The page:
From The Tribune Oct. 26, 2003
Tribune's centennial brings out memories
Treasure Coast residents unveil treasured clippings from way back
By Anthony Westbury
A local newspaper makes history every single day it's published. We record events -- large and small, happy or sad -- that occur every day. When they are added up over 100 years of continuous publishing, you have a sizable slab of history.
For a century, Tribune readers have been clipping and saving small pieces of that history as keepsakes.
To celebrate our centennial, we asked you to unearth your treasured clippings. We received dozens of them, and we learned quite a few things in the process.
The first thing we noticed was how personal these little pieces of history are. Several of you sent in the listings of real estate transfers that mark the beginning of your home. Some sent in snippets of social news from years gone by. There are birth and death notices, even a tiny story about a 7-year-old Charles Croghan who broke his arm on North 15th Street in March 1933.
And then there were the mysterious ones. Some of you sent in pieces of newspaper that had no apparent significance -- either to us or even the descendants of the original clipper.
Cathy Odom's clipping, dated Feb. 14, 1927, falls into this category. Her mother-in-law Leola Odom, who died in 2001 at the age of 91, cut it out.
"She was a pack rat," Cathy Odom says, and no one can fathom why Leola kept this particular paper -- the front page of which contains a story about an offer from the Florida Power & Light company for a municipal power plant being turned down by the Fort Pierce City Commission.
Kathy and Tommy Gladwin sent in the winning oldest clipping -- dated June 10, 1904 -- and it taught us many things.
For starters, it's older than any of the bound editions of the paper we have at the Tribune offices. Although the Fort Pierce News began life over the Buckhorn Saloon in December 1903, we do not have copies of the first two years of the paper in our archives.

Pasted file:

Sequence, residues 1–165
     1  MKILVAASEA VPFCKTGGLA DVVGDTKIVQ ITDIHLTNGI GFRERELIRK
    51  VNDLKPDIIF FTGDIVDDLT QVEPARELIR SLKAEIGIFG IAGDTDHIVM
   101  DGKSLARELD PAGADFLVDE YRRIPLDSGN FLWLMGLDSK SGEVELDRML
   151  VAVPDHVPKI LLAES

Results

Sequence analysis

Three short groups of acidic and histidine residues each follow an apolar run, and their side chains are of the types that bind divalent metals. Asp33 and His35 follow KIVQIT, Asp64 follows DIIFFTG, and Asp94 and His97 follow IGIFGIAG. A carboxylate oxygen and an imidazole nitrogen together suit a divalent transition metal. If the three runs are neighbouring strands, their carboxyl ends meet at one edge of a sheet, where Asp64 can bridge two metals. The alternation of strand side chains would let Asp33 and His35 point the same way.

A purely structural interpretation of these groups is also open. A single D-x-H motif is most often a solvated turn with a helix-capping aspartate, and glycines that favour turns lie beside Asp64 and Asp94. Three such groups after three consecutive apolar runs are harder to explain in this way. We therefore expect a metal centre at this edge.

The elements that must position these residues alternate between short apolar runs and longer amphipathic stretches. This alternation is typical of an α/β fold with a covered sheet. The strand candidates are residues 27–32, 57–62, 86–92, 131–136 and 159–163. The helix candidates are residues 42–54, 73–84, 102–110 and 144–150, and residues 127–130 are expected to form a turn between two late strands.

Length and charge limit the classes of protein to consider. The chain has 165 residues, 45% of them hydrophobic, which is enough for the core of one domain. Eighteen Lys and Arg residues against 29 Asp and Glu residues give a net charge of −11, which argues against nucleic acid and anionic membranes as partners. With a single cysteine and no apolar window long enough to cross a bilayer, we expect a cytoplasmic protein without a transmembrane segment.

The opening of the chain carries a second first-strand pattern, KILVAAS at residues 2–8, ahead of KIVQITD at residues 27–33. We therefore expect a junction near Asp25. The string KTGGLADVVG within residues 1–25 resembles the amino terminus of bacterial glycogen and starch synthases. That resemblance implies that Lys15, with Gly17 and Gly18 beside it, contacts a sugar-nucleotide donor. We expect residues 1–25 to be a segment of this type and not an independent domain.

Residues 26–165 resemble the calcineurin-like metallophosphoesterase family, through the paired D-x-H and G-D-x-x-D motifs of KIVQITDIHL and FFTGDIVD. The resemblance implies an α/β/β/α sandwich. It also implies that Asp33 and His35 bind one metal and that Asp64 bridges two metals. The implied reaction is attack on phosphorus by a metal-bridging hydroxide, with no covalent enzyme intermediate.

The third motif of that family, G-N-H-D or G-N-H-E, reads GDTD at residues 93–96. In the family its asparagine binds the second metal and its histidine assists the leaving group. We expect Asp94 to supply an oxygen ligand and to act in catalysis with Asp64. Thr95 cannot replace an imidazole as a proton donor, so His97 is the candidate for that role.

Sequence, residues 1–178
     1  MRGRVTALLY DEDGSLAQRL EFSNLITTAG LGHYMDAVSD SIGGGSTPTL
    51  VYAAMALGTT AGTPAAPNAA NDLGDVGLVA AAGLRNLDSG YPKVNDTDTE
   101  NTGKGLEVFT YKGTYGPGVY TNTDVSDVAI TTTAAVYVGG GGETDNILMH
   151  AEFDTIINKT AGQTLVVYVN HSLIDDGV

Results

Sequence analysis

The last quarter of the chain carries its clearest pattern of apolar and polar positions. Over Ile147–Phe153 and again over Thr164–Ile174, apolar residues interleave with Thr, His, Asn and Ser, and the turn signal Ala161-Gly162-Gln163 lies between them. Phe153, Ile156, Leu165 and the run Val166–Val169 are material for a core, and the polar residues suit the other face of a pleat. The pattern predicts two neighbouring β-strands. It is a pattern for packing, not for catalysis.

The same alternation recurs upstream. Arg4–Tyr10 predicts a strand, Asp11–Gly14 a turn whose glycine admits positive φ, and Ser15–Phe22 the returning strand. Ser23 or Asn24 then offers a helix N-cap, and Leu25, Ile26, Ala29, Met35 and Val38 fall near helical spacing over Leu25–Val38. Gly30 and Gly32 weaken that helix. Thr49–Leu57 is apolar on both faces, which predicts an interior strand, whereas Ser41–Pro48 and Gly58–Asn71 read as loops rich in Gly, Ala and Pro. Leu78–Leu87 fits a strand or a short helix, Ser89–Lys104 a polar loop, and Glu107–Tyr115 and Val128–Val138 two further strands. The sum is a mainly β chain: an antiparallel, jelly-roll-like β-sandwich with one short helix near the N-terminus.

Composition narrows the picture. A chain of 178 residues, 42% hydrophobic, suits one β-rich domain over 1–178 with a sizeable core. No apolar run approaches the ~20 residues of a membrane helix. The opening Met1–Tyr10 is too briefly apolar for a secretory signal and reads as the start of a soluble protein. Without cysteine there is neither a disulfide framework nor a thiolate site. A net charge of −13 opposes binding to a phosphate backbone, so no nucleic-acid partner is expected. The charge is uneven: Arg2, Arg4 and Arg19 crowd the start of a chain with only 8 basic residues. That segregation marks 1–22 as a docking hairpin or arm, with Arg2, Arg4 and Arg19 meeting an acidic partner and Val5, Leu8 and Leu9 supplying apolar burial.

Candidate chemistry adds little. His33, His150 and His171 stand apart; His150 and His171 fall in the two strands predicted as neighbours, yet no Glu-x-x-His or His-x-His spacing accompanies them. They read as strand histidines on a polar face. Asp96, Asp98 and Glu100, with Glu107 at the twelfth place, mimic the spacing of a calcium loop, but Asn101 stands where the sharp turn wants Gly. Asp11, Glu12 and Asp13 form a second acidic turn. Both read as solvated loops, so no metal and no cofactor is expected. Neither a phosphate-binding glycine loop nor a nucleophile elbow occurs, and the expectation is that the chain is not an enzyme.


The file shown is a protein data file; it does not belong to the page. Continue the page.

So it was especially fortunate that the Goodwins have the complete paper. The front page contains a story about Tommy's grandfather, Robert Reed Gladwin.
R.R. Gladwin was Fort Pierce's second mayor (1904-1905), and another of his grandsons just happens to be the current mayor, Eddie Enns.
R.R. Gladwin had arrived in Fort Pierce in 1897 via the railroad. He quickly became heavily involved in the affairs of the small town, being elected alderman in 1902, and mayor in February 1904 (he won by 11 votes, a fact noted by Enns at his own victory celebration in 1995 -- Enns won by 111 votes).
Gladwin owned a boatyard and dock on the river just to the north of P.P. Cobb's store. One of his employees was George Backus, the father of famous landscape artist A.E. "Bean" Backus. Backus senior later bought the business from Gladwin. The boatworks turned out many elegant wooden river craft that plied the waters of the Indian River.
Gladwin also was a partner in the Jackson, Luce-Gladwin Co. hardware store on 2nd Street. The building is still there -- it was formerly a McCrory's store and is now occupied by FPUA offices -- but the Depression put an end to the business.
In addition to being mayor, young Gladwin (35 at the time) was chairman of the school board and was instrumental in getting the city's first high school built on Delaware Avenue. He was also the fourth president of the Board of Trade (forerunner of the chamber of commerce).
In later years, he grew citrus in the Lakewood Park area and served on the County Commission in the 1930s.
The 1904 clipping also gave us at the Tribune some information that's been lost for nearly a century. The Gladwins' paper shows detailed circulation numbers for the first six months of the Fort Pierce News. It tells us that the very first edition of the paper sold 1,600 copies -- practically everyone living in Fort Pierce at the time must have bought a copy -- at 5 cents each.
The News boasted that it had the largest circulation of any newspaper in Brevard County (St. Lucie wasn't to come into being until the following year), and that it carried more advertising than any weekly newspaper in Florida.
We received several clippings from the 1920s and the 1930s, and down through the years since. Thank you for sharing your little pieces of history with us.
It's obvious that your local newspaper is an important part of your lives. We are proud to be able to serve you, and hope to be around for at least another 100 years, recording history in the making every day.
Anthony Westbury is the Tribune's associate editor. He may be reached at (772) 409-1320, or at firstname.lastname@example.org.
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